Does 21st Century Technology Encourage Illiteracy?

As you can see by the photo below, I’m a huge fan of technology.  As a high school teacher, I am required to use Remind, Google Apps for Education, Gmail and other email.  We are also required to have our cellphones with us at all times in case, God forbid, we find ourselves in an emergency situation.  We are encouraged, but not required, to follow the district’s Facebook account, Twitter feeds and I’m sure something else I’ve forgotten. However, we obviously cannot use our private Facebook or other social media for school business.

This photo shows my kindle, nook and Echo.  I took the photo with my iPhone and am posting this on my laptop.

new echo kindle nook

 

I believe in teaching and using 21st Century technology skills.  At work I use a desktop, a laptop, a Chromebook and my iPhone.  At home I use my iPhone, my Kindle, my nook and my laptop.  And thanks to a Christmas gift from my son, I now have an Amazon Echo.

The Echo is amazing.  It will be even more amazing when I remember to say “Alexa” instead of “Amber,” which for some reason I have memorized as the wake-up name. I’m still setting up my Echo, and have a lot to figure out.  But I have paired my Amazon Prime Music playlists, my Pandora account, and am now setting up an Audible account.  I can ask “Amber,” I mean “Alexa” what the weather is, get the news briefs from CNN and BBC, ask what time it is, ask for jokes and……that’s what I’ve figured out so far.  If you don’t know what the Echo is, check out the video.

I believe in teaching coding and that the Hour of Code which so many students across the nation, including my grandsons, participated in, is essential for future success for all students.

But I firmly believe in knowing how to read.

And it occurred to me today, as I woke up and asked the Echo what time it was, what the weather was like and for the CNN news, that I no longer needed to read.  Of course, some people need to read to write the code, to write the newsflashes, to write the books that we can listen to on Audible.  But especially with devices like the Echo, it isn’t necessary to read well or often.

Teachers have lamented for quite a while that students don’t read at the level they should. And they aren’t very interested in reading. I read about 5 books a week for pleasure, and read a lot for work.  But what I see in my classroom and in others, is kids looking around the room, sighing, saying aloud “this is boring. Why can’t we watch the movie?”  No longer is a student required to go home and read the book.  Or if they are, only a handful of students do it.  Now we read sections aloud, have them read short sections and then provide summaries.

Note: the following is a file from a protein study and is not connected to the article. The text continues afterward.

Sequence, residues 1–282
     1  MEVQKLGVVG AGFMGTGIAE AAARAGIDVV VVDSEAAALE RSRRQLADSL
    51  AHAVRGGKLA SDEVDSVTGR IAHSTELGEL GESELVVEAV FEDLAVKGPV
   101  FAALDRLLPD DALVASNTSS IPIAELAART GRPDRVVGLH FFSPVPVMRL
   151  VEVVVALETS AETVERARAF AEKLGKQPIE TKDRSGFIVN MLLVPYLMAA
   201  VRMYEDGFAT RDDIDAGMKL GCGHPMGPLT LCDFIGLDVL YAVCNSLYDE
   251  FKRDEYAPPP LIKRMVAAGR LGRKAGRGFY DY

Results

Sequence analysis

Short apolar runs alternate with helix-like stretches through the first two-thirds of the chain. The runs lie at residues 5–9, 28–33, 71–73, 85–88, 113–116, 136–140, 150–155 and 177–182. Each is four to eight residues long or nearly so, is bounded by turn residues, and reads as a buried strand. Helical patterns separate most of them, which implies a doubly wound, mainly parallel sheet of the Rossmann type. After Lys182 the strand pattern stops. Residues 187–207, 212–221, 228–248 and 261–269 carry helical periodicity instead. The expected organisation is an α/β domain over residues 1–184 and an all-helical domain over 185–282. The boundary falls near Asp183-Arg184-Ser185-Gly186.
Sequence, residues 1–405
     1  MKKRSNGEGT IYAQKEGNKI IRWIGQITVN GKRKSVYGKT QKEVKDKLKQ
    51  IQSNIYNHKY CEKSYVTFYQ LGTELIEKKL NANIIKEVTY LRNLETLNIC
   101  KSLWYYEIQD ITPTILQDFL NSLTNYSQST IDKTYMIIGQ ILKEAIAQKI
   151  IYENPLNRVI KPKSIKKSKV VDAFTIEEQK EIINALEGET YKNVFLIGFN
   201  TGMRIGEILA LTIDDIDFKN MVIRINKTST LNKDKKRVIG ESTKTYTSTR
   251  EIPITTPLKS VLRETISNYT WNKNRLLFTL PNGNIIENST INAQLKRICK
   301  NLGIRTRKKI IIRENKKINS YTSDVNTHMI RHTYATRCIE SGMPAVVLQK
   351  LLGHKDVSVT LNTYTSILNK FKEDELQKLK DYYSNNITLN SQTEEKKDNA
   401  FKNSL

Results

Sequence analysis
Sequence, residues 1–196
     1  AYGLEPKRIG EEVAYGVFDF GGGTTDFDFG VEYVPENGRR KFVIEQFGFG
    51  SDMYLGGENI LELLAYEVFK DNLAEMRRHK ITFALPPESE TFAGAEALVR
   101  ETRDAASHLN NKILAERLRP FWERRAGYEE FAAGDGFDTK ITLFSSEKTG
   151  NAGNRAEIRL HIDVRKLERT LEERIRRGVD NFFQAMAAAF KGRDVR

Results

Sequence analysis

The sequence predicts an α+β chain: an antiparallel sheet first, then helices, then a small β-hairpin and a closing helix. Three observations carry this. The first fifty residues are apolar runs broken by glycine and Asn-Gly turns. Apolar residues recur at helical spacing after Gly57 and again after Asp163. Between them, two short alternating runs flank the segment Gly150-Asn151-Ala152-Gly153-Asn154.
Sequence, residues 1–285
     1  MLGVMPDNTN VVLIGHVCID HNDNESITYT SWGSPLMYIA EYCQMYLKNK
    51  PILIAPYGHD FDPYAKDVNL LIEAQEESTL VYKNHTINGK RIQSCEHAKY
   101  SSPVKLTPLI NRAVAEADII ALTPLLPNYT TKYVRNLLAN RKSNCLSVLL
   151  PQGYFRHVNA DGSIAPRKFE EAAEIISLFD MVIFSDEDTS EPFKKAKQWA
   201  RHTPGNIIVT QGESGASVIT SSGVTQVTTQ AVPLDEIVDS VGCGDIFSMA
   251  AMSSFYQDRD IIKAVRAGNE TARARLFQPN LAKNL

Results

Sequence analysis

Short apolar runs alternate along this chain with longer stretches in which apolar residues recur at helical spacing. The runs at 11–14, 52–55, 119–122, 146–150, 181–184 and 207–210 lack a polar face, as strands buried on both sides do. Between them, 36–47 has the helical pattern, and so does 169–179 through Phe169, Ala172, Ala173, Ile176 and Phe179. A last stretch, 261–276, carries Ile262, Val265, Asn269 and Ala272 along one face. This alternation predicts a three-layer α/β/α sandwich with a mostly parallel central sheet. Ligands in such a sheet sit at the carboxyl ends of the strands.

And writing? There is a debate that students who normally wouldn’t write at all are writing on Twitter.  Newsflash not from Echo:  wanna is not a word. Even if students are gonna use it.  R u getting this?

i can't even bitmoji

What do researchers and other professionals think? Do they agree with me? I googled “Are 21st century technology skills increasing the achievement gap?” and got this article that debunks my theory.  Education Week 10/11/2010 Whaaaaaaa?  So let me do a Google search to find an article that agrees with my views.

The Global Achievement Gap by Tony Wagner  This one is closer.  Not just a rah-rah all kids need to use technology and it automatically helps them achieve higher level thinking skills (allow me 2 remind u 2 b sure I totally disagree with this).  But Tony Wagner recognizes the gap that not only exists in this country but also that gap between the US and the global arena.  And that we need to read.

Knowing how to, and wanting to, read for pleasure is the greatest gift that a teacher can give a child.

But the Amazon Echo was the greatest gift that I received this Christmas.

About Barb Knowles

The things that are important to me are family, friends, teaching, writing, languages and using my sense of humor to navigate this crazy world. Please join me on this blogging adventure...
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33 Responses to Does 21st Century Technology Encourage Illiteracy?

  1. As usual an excellent and thoughtful post. My only question is: What the hell is an Amazon Echo, Echo, Echo.

    Liked by 1 person

  2. abyssbrain says:

    Though I am not very sure how much new technology can affect English language literacy, I am very certain that new technology has adversely decreased the Chinese writing skills of many people. Nowadays, it’s very easy to just “type” Chinese characters using systems such as Bopomofo which uses English phonetic system for “writing” Chinese based on their sounds. Predictably, people who rely on this system constantly cannot write more complex Chinese characters on paper now to save their lives… 🙂

    Liked by 1 person

    • Barb Knowles says:

      Although the method is very different here, and although the research shows that people/students who are interested in writing code develop critical thinking skills, the average student is not. Twitter and emojis, which obviously I use as well, have changed writing so much that standard English words and phrases are just not used as often. It is very common to now see ‘idk” in an essay instead of “I don’t know.” And having websites that may or may not have legitimate sources are at their fingertips for cutting and pasting. Where is the critical thinking there? Very frustrating for me.

      Liked by 1 person

      • abyssbrain says:

        Yes, constantly using nonstandard English and other online buzzwords could certainly affect people’s formal writing and spelling skills to a degree, though to what extent, I have no idea. All I know is that like everything else, it should only be used in moderation since if it becomes a habit, it would be very difficult to undo the damage.